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Thanks Rudi; but believe me up close, my welding,along with fit and finish leaves a lot to be desired. My goal is always so it looks good at 100 yards, in a blizzard, at midnight, during a new moon.
A little more background on the build. I started it in about 06 but quit when I couldn't get the steering to work. I was trying to use cables and thought I had it figured out. It would turn nice, but when I would try and turn back the cable would jump the pulleys. Then last summer I decided to try hydraulics. I had thought about it before but I didn't think I could get it to turn sharp enough. (it should make a 90) I figured though that I would give up the 90 degree hopes in order to finish it. I spent a lot of hours on it last year. Every time I got one thing working, I decided to make something else functional. This year has seen a lot of hours too, with finishing the year hydraulics, the hoods, and the paint. As you can see it still needs head lights and rear work lights, but I haven't figured out yet how to put round lights into rectangular holes.
You can't see it in the pics, but under the GT18 H in green it says "by Lawn Boy". (I thought seeing it gave up its life for this project I would at least acknowledge it)
Mark "birddog" Birdeau
What about lawn-boy green? Years ago I needed to paint a lawn-boy deck but for whatever reason I wound up using a DuPont aerosol called "parrot green" may not match Euclid, but close.
Mark, That is fabulous! What on earth gave you the inspiration to build it? It looks like you have some space in the back to add another engine . Now that would really be something special, not that it isn't already! I'm amazed! Great job.
Attachments - 193 plow - 144 cultivator - 22 mower - 28A disc harrow - 54 leveling blade - Woods 59C2 - drag harrows - Mott D9 flail
I had to edit my previous post
Rudi, you said you were going to look up LeTourneau so for a little history lesson. The LeTourneau plant was located in Toccoa Georgia. I have been in the old plant several times year ago and you could see the old conveyor tracks and massive hoist positions for moving the machines around. The buildings were designed to handle some massive equipment. The plant is located out at the airport and the last time I flew in there a few years back the buildings were still in good shape. Mr. LeTourneau was well known in this area for his generosity. As a kid we call all graders turnapulls no matter what they really were. I made the statement in my previous post that LeTourneau was gone but when I looked up LeTourneau on Google it appears the company name still exists. However LeTournea has been gone from Toccoa a lone time.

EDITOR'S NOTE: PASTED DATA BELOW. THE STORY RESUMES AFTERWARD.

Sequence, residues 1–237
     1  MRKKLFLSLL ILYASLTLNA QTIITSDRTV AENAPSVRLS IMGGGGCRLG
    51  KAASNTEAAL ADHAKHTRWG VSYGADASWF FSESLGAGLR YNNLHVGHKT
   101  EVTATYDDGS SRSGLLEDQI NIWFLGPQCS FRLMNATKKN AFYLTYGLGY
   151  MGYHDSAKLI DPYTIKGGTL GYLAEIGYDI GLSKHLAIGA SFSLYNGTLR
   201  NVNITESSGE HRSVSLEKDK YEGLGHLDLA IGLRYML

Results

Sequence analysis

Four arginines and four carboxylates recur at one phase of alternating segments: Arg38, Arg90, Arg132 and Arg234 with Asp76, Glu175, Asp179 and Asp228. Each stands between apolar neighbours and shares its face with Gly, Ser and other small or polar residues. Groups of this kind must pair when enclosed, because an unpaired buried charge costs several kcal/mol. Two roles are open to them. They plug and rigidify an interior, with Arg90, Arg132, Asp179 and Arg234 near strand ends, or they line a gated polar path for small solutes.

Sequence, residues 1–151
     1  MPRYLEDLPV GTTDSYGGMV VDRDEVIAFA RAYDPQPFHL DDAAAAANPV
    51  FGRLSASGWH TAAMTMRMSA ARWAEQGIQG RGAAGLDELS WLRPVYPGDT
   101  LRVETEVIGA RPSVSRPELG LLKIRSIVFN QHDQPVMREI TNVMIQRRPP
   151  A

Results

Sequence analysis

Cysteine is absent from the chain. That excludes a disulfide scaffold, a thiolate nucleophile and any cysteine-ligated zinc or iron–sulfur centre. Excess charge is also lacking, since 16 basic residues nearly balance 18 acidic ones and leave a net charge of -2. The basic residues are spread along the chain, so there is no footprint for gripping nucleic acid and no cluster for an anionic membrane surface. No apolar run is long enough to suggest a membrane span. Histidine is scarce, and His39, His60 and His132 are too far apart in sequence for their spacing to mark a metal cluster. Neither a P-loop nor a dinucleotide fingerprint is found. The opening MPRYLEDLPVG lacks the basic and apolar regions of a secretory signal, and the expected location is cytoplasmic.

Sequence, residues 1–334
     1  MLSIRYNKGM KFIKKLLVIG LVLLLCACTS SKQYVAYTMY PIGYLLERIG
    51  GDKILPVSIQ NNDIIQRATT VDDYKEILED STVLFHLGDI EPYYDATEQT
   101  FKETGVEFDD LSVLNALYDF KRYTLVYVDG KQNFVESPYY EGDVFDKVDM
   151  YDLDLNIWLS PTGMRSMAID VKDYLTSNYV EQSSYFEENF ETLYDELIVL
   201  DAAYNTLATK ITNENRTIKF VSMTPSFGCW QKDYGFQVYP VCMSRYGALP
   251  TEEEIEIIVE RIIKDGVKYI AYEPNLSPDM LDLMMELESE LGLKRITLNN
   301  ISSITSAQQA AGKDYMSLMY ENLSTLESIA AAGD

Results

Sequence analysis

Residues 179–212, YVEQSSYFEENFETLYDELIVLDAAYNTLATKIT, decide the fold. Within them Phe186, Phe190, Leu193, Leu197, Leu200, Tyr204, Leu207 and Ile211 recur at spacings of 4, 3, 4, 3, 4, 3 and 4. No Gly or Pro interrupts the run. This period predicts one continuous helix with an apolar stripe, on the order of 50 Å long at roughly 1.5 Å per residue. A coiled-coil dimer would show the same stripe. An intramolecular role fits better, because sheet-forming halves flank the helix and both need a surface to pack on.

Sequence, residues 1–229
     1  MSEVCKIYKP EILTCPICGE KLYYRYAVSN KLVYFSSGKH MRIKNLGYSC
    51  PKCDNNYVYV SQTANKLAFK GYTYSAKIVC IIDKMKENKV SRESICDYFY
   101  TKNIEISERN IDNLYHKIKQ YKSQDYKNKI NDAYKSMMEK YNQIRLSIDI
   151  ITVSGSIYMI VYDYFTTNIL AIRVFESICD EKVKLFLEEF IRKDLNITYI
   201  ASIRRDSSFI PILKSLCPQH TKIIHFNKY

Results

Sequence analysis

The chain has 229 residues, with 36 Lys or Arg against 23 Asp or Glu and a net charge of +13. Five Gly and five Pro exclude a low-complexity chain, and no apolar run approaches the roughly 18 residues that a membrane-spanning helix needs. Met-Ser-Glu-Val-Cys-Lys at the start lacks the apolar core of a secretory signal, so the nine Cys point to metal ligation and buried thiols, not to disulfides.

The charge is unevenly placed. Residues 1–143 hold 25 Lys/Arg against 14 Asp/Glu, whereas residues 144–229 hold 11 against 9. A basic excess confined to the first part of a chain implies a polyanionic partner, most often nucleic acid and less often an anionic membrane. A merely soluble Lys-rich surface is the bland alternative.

Thanks all for your comments, I appreciate them. Kind words always help make a project like this, more worth while.
danovercash; I thought about Lawn Boy green, but it wasn't quite right and all I could find was spray cans and they weren't cheap. (from what I found looking for LB green, Rustoleum Grabber green engine paint is suppose to be a match)
Smokeycub; I'm not entirely sure about my inspiration. I did see one back in 04 at a tractor and engine show and that probably sealed the deal. I probably started thinking about it though when I saw other scale equipment. I had thought about making the rear axle powered as I have another hydrastatic Lawn Boy lawn tractor. There where two basic reasons I didn't though. First, it's my wet weather and back up mower. Second, I would have had to come up with a different way to move the extractor.
Mark "birddog" Birdeau
I did look up Mr. LeTourneau (a very nice Acadian name btw) and I enjoyed the read. And yeah, he apparently was a very generous man. To fund a University is really something. Also when I was googling - a lot of hits for LeTourneau equipment. Apparently there is someone building/rebuilding them .. Steve's Sales and Service, I think that is pretty cool.
Nah, don't be so hard on yourself, that is really nice work and I would love to see it in person. The ability to see it in your head and then make it work is real talent... real honest to God talent and my friend you done gots some of dat dere
I am not sure either how you would do that. I am sure though that you WILL figure it out
When I went to heavy equipment operators school in Florida they had a wheel dozer made by Letourneau Westinghouse.